I can even make a video of it if you need it of me clicking the "Go Back" button and having it stroll me through the previous comics in order with the mouse nowhere either the back button or the previous comic link.

Given that I've only ever experienced this here, and one other page, and the only control I have over the mouse button is what command to assign to it, where else should I look to resolve t his?
megados 24th Sep 2021, 4:22 PM edit delete reply

Does this happen for all ComicFury domains, or just the DataChasers domain?
Torin3 24th Sep 2021, 4:43 PM edit delete reply
I tried about 40 different comics from their directory page and the only one that behaves the same is Grinder$.
megados 24th Sep 2021, 8:49 PM edit delete reply

It appears that your "go back" signal gets interpreted on certain pages as "previous page". It's not a hijack of your mouse button.
Oldarmourer 22nd Sep 2021, 8:19 AM edit delete reply
Wow, her ship looks completely different from that angle, but still nice
So that's where the Enterprise's 'phase cannons' went...
Guess she had limited funds for starting equipment ;)

When in doubt, fire everything !!!
Space is too cold for an overheat problem
megados 22nd Sep 2021, 9:12 AM edit delete reply

Space is cold, yeah, but there's nothing but IR to dissipate thermal energy buildup, so yeah, overheat problem. ;)
Oldarmourer 22nd Sep 2021, 9:31 AM edit delete reply
I'd think running the 'cooling system' through a finned radiator array would do something ?
Something along the lines of "heat always flows to the colder from the hotter" ?

https://www.youtube.com/watch?v=Mw-brvKO-Z0

I suppose if radiating the excess heat into a near vacuum was a problem then you could keep a supply of metal blocks 'chilling' in racks on the outside of the ship and bring them in to 'absorb' the weapon's heat until it reached equilibrium and then return them to the rack to slowly 'chill' again, sort of like 'whisky stones' ?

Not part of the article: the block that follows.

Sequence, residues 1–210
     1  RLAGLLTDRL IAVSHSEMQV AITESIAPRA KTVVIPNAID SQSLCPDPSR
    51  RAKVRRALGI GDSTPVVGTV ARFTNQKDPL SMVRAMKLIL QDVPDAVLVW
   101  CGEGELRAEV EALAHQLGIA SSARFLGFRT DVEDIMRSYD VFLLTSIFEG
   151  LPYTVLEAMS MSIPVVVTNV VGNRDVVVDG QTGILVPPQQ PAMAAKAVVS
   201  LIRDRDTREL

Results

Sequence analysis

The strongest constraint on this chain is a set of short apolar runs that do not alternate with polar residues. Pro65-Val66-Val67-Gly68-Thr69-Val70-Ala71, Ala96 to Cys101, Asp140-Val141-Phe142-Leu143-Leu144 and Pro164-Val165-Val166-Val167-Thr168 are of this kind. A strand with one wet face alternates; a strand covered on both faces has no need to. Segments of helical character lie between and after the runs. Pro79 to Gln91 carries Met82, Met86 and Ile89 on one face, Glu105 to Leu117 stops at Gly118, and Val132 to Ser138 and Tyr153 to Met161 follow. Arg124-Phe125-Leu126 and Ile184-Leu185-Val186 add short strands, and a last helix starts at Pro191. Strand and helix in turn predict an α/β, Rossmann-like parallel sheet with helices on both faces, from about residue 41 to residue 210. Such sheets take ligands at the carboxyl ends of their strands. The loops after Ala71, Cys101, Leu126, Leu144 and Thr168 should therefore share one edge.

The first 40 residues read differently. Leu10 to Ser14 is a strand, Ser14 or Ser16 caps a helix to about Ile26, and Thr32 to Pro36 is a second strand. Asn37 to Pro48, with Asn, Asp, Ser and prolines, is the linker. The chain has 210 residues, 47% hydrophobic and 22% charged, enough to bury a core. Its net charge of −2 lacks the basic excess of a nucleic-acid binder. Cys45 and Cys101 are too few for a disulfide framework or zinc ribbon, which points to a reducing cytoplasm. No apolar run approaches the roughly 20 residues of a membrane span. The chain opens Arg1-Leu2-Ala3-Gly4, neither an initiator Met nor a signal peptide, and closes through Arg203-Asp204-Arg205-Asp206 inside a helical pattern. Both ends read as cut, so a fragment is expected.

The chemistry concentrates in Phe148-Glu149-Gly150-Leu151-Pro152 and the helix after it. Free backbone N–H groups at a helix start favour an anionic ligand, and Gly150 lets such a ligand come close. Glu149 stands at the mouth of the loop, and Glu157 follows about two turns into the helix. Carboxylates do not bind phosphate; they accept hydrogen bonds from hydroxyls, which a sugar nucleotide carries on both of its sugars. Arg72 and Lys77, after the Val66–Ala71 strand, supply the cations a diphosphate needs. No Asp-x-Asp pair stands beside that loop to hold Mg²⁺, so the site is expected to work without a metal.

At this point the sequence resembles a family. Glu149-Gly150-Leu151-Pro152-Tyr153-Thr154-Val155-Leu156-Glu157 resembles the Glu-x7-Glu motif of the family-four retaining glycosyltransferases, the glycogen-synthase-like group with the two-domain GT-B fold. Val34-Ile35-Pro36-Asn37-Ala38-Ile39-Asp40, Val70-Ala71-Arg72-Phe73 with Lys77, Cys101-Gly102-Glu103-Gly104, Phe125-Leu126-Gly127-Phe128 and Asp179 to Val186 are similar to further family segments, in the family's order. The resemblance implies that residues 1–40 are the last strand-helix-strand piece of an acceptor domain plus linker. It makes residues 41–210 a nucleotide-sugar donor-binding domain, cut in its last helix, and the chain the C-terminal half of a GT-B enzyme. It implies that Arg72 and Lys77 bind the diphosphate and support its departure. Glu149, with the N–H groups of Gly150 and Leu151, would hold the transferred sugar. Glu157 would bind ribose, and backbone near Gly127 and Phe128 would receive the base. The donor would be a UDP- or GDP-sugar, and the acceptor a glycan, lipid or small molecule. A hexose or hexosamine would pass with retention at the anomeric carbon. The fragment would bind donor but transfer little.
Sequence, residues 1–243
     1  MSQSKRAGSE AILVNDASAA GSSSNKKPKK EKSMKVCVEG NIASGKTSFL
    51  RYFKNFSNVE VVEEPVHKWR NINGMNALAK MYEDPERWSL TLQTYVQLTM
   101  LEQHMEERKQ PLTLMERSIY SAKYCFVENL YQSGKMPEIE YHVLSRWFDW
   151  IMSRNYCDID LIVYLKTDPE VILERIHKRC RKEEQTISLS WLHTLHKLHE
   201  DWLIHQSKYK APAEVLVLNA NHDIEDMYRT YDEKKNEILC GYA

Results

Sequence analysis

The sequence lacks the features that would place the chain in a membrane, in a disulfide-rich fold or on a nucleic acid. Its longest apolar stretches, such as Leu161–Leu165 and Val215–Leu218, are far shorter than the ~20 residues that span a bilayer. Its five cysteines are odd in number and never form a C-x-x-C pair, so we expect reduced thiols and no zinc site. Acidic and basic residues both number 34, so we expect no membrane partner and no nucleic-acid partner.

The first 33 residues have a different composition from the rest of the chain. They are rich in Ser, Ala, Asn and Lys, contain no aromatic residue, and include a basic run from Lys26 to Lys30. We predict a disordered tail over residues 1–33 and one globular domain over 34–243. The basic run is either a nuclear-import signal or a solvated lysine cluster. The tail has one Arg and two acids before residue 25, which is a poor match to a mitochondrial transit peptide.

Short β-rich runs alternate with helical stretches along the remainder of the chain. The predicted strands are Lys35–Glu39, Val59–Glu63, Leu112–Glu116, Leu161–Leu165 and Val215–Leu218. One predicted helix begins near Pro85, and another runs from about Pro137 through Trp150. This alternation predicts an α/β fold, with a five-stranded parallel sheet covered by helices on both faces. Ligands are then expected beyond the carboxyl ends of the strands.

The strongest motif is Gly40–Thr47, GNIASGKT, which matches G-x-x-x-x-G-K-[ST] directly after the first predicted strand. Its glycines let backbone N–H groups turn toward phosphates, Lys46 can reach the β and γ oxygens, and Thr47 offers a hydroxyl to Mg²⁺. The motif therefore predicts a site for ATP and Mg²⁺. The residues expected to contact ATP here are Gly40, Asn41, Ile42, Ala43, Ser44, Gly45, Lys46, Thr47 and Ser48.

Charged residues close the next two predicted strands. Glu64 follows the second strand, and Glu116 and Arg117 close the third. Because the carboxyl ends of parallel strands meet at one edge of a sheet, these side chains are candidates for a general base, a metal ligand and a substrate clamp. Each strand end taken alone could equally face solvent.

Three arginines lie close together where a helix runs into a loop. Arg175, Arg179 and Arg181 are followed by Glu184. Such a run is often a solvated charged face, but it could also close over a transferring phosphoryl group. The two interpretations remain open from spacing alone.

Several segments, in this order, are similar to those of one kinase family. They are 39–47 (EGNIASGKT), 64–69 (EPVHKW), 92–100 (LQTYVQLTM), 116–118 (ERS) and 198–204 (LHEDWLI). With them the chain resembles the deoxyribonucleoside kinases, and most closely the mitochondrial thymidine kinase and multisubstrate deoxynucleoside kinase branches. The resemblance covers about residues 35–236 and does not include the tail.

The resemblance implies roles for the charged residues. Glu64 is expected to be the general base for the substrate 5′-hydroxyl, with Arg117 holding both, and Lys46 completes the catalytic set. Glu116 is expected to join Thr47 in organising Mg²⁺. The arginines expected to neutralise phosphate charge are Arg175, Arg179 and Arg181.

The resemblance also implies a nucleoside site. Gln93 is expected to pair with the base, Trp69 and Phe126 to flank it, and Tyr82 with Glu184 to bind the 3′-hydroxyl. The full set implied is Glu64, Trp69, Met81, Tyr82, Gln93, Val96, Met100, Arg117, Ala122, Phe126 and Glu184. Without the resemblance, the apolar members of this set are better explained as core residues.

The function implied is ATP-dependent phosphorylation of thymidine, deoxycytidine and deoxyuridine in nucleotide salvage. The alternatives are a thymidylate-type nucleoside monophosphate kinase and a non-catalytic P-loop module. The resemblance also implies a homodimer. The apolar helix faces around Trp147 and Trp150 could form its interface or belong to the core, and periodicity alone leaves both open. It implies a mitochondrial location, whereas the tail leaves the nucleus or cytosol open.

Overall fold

Or cycling a gas filled block outside to turn it into a solid by expansion in said vacuum then following the same process ?
Or simply apply the literary exception to the Laws of Thermodynamics ;)
Some Ed 22nd Sep 2021, 9:53 AM edit delete reply
I'm not a physicist, and I've not worked in space. So maybe I'm just an idiot. But I wouldn't expect cooling fins to work much better than something like a vanta black exterior, with all of the physical armor of the ship doubling as a heat sink.

After all, cooling fins work by increasing the surface area exposed to air flow. But there's no air.

You don't need to move your heat sinks around necessarily. That could work, but you could also use heat pump technology to move the heat. I'm not sure which would work better, but I just don't feel comfortable with this process that is opening part of the ship to the outside periodically as part of its heat elimination plan.

Of course, that doesn't work for when you're too close to a star - for that, you need a perfectly white or reflective surface towards the stellar body and a super-massive heat sink. But that's not where they are right now.
megados 22nd Sep 2021, 10:15 AM edit delete reply

If you plan on having enough cooling block mass to store the heat until you get someplace where you could dump it, or fly around long enough to let the heat dissipate naturally, it would work. Just keeping them outside would face the same problem as directly having a radiator outside. Whiskey stones work because there's air in the freezer to carry the heat away. There's nothing to carry the thermal energy away in space, except to radiate it away via infrared. It's not great for moving a lot of heat quickly. Using a heat pump apparatus would certainly help, because you could concentrate the thermal energy in the radiating element, causing a higher differential, and speeding up the dissipation process. That does come with the added necessary machinery, and associated additional energy cost.
Oldarmourer 22nd Sep 2021, 11:48 AM edit delete reply
All that 'cold' has to be useable somehow, even at low but still 'there' efficiency, otherwise there wouldn't be any need to insulate spacecraft against it.
megados 22nd Sep 2021, 12:10 PM edit delete reply

Sure, it does eventually cool off over time, just not really fast. Your best bet is efficiency, so that there's not a bunch of waste energy to begin with. :D
Oldarmourer 22nd Sep 2021, 2:06 PM edit delete reply
i'd suspectg that in the 39th century they've had lots of experience in materials management, superconductivity, energy transferrence, et al, to make weapons system that has a very high efficiency and produces the minimum waste heat possible.
What heat is produced would likely be used to provide heating for systems that require it and possibly for thermocells to produce power to put back into the systems, you can't create or destroy energy but you can move it around.
Radiating any excess waste heat night be as simple as towing a radiator array or building them into the structure as the ISS does now. The nice part is that the hotter something is the faster it radiates heat and if the waste heat could be converted to photons then that might be even faster.


In a vacuum environment, convection is no longer available and the only mechanism of rejecting heat is radiation. Radiation follows the Stefan-Boltzmann Law